The relationship of sculpture to industry and its processes is a long one, and heroic—think of all those bronze figures emerging from armory foundries, of Marcel Duchamp and Constantin Brancusi wandering jealously through the 1912 Paris Aviation Show, of Richard Serra rolling steel at a Baltimore shipyard—but seldom is it elegiac. Such a description would however be fitting for The Asset Strippers (2019), an extraordinary installation of sculptures by Mike Nelson. The work has been assembled from machinery and industrial materials and fixtures bought from auctions disposing of the assets of UK factories, although Nelson does not simply turn the expanse of Tate Britain’s Duveen Galleries into a storehouse, but rather places them in new configurations. Despite the technical difficulties of moving these massive objects—their total weight is estimated to be approximately 40–50 tons, close to the loading capacity of the gallery floor—Nelson’s touch is assuredly light. Often little more is done than stacking objects on top of each other—a cement mixer is placed high upon two wooden work benches, its drum upturned as if yearning to peer even higher—but the effect is transformative. One begins to see them not only for what they once were, but for what else they might be.

One of those things, of course, is art. Assuming one has a certain familiarity with its modern history, or at least the masculine, Anglo-American variant here evoked, one cannot help but see these artworks in relation to those that have come before. And so that cement mixer becomes an overlooked work by David Smith, its scuffed and worn pedestals derelict Ben Nicholson reliefs which have become somehow deeper; pillar drills become yet another metamorphosis of Jacob Epstein’s Rock Drill (1913–16); and the four golden, circular hay rakes an apocalyptic alignment of Paul Nash’s foreboding suns. And, of course, works by Anthony Caro seem to come together out of the corner of one’s eye, often only to disperse again when looked at more directly, although a Prussian blue assemblage of lathe, trestles, rails, and panel best maintains the languid poise of some of the sculptor’s most celebrated mid-1960s works.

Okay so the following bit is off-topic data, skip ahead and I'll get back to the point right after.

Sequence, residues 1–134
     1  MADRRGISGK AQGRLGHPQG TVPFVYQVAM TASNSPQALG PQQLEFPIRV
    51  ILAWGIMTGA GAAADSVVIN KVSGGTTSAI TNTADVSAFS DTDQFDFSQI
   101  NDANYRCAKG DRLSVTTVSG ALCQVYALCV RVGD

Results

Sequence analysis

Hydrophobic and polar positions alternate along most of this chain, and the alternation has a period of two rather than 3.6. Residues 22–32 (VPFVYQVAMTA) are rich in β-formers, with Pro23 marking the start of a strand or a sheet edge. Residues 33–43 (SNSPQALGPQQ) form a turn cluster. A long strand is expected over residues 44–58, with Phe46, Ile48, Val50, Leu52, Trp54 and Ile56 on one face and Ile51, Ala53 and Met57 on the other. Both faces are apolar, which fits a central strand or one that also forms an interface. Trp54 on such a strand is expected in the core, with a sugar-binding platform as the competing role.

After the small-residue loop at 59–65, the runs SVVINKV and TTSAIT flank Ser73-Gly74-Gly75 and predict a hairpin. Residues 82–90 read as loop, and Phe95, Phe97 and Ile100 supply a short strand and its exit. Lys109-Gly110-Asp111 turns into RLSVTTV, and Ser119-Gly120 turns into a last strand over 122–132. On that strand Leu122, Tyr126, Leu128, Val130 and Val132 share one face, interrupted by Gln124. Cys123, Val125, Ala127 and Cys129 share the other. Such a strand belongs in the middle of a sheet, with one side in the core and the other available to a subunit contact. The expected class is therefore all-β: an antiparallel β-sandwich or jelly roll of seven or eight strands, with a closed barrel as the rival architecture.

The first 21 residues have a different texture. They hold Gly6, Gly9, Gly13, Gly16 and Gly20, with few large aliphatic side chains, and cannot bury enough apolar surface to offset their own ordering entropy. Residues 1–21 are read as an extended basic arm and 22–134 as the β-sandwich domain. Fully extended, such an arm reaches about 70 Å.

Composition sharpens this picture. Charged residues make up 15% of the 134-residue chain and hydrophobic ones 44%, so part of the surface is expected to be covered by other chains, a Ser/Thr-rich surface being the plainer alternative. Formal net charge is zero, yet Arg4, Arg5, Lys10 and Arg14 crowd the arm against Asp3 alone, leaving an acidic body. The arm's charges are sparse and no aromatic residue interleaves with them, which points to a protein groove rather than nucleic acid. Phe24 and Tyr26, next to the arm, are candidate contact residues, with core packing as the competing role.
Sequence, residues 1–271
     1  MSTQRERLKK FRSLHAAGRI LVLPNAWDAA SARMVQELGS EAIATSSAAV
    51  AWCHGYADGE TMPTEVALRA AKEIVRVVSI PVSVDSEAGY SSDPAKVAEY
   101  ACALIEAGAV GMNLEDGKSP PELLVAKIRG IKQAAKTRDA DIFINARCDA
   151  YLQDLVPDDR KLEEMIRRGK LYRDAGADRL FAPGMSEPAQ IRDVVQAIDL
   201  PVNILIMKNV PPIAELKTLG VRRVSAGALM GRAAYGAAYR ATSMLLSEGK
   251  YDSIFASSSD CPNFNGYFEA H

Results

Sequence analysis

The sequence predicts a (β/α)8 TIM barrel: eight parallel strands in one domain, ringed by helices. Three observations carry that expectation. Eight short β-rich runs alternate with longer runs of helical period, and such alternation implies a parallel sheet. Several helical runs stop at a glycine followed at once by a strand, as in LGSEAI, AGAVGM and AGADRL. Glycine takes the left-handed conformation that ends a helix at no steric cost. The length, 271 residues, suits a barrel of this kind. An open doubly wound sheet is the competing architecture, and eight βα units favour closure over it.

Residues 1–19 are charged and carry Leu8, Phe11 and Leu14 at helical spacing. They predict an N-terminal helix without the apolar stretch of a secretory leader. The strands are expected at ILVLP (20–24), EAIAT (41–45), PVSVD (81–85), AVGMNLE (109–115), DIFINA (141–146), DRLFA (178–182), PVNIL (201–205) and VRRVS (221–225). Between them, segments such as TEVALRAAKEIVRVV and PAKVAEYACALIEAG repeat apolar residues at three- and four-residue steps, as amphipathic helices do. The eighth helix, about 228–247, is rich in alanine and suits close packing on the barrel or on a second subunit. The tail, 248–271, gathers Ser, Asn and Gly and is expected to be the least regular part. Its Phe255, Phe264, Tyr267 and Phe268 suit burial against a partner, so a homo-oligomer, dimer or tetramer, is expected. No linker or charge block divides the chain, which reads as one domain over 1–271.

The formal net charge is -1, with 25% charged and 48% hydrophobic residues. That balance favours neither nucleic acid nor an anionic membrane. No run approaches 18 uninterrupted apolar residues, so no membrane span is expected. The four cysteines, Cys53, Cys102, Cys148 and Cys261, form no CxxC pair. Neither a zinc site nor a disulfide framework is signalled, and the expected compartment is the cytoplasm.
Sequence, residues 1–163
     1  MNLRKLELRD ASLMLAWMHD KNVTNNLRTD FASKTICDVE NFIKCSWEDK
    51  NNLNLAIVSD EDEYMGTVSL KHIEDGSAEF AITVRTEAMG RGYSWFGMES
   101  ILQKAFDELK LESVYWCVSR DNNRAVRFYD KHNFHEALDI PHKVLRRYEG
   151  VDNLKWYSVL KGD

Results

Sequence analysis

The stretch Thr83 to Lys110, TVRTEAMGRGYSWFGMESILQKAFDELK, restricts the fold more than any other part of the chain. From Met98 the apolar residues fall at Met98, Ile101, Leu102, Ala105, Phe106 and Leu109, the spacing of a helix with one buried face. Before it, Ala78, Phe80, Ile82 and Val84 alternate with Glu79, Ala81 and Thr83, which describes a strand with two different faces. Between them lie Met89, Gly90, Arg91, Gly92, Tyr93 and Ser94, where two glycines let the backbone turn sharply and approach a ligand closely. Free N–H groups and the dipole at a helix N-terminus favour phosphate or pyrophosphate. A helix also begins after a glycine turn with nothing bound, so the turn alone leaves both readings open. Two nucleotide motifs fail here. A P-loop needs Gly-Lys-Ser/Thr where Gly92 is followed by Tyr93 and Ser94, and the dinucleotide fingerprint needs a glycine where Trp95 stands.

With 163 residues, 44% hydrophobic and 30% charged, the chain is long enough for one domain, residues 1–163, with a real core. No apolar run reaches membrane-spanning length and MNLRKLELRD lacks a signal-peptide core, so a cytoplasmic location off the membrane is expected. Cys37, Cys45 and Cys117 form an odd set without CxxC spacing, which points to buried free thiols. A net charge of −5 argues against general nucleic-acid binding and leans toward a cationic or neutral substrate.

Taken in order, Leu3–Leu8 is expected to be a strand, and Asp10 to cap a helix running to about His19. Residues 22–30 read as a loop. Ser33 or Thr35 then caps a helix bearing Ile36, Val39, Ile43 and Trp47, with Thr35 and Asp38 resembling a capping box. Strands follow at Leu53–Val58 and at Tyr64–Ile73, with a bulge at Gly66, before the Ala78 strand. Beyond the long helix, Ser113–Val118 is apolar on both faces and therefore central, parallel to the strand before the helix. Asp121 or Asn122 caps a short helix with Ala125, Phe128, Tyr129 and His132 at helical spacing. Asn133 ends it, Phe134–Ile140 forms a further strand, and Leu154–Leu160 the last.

There is a pleasure to be had in looking, and Nelson compels one to do so. Indeed, while his work has long been immersive—think of the disorientating paranoia of The Coral Reef (2000), which seemed to aggregate with each room—it is the detail to which Nelson draws one’s eye most skillfully. The machines—stilled—slow one also, and gather one’s gaze like lint upon spindles. Short lengths of silver thread have fallen in mute gestures upon a dusty ledge and one wonders what could be made of them; nearby metallic ribbons in reds and green, blue and gold, are placed hanging on bent wires in a dull cupboard, as enticing, as pathetic, as imploring, as votive offerings.

What would be hoped for? Hope, probably, as there is little to be found here. For not only does this exhibition represent the loss of British manufacturing, it also represents the loss of the state, or versions of it, or those institutions that might be thought to represent it. One enters through doors salvaged from an old London hospital, and corridors leading to the Tate’s other galleries are constructed from timber salvaged from Victorian barracks; four plaques commemorating the coronation of George VI and the Queen Consort, Elizabeth, in 1937—the year the Duveen Galleries were opened—proclaim “Long May They Reign,” although they didn’t reign for long, not really, and one is left to ponder the immense changes that were then about to come, and which are about to come now.

Inevitably the installation will be considered a portrait of a nation and of its people, and of particular people, too. It is hardly surprising that so many of the machines here are from textile factories when one knows that many of Nelson’s family worked in them. Three of the machines one encounters here were made in Leicester, a city just south of the artist’s Loughborough birthplace. And so one is drawn back to the spools of sequined ribbons and those women who in factories across the industrial Midlands would spend their week making the clothes they’d wear out at the weekend, this decorative trim that would mark the edge of that which was perhaps otherwise unremarkable. But no longer: upon one metal surface is scrawled in black marker “Reject Friday.”

This is a profound and affecting exhibition in which a bottle of dishwashing liquid seems to bear as much weight as a giant set of scales. If the elegy was traditionally defined in relation to the epic form, then here Mike Nelson has demonstrated his mastery of both.